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Doc Type: 
Reagan, Ronald
Full Title: 
An American Life
Language Type: 
Simon and Schuster
Pub City: 
New York

 (Summary by Holly Decker, Harriman Institute, Columbia University)

               Ronald Reagan, in his autobiography, describes his impressions of the summit meeting with Gorbachev. For Reagan, summit meetings were vitally important for successful diplomacy because he believed that leaders possessed the final authority. As an actor, Reagan was both well versed in reading people and in the art of negotiation. He describes his initial meetings with Gorbachev in positive terms, stating that he could tell that Gorbachev was a man with whom he could work with. The personal chemistry was vitally important for the discussions, especially when the two focused on contentious issues, such as SDI and human rights.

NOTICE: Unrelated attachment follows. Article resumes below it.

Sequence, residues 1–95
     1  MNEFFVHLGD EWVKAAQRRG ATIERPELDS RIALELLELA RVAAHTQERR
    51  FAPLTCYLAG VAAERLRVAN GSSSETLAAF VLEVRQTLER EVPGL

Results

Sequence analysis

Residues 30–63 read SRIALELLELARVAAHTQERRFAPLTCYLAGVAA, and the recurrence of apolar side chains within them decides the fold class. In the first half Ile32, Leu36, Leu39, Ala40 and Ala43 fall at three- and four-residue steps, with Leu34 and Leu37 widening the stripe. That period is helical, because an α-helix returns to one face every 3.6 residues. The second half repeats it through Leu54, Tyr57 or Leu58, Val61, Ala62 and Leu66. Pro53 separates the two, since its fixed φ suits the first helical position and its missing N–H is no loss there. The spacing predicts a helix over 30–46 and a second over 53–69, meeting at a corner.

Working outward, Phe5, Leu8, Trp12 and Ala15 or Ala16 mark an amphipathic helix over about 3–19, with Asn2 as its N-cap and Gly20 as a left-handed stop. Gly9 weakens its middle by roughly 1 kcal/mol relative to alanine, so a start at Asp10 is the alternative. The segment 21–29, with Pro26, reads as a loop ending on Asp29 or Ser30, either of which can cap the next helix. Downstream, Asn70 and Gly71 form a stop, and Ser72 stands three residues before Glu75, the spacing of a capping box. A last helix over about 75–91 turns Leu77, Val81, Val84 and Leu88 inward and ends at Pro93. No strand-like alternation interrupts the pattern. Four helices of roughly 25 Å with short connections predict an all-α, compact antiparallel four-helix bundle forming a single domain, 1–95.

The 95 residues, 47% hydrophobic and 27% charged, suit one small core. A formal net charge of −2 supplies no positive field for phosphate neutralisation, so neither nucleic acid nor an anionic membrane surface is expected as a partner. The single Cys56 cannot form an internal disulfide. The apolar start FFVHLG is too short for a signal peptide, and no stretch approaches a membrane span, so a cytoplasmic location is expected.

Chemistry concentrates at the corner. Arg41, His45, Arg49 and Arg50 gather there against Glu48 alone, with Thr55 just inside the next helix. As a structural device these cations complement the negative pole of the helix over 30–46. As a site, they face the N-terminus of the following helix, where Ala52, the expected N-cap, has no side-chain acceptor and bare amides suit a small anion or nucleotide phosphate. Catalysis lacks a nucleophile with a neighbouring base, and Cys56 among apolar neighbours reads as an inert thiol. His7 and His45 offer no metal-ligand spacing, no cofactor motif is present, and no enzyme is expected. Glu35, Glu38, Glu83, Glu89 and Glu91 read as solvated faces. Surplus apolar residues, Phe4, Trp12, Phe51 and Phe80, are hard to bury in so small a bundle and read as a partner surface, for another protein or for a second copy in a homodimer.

SDI was the focal point of a majority of Gorbachev and Reagan’s discussions. It is unsurprising that this was a point of contention given Reagan’s firmly held conviction in using SDI as a way to save the world from nuclear disaster and the inherent mistrust that Gorbachev and the Soviets possessed regarding its potential offensive capabilities.

               Another issue of contention was human rights, an area that Gorbachev considers firmly in the realm of domestic concern.  Human rights was not the focal point of the summit meeting; however, Reagan did bring it up in a tete-a-tete. During the meeting, he championed the plight of several specific cases of human rights violations. In turn, Gorbachev responded by illustrating flaws in the American system. By other accounts, though Reagan does not dwell on it, in his memoirs the meeting became heated with Gorbachev interrupting Reagan before translations were concluded.

               Reagan also describes how Gorbachev proved to be a man of his word, when during the joint communique the Soviet delegation was stonewalling the American delegation. Gorbachev ordered them to complete the agreement as described.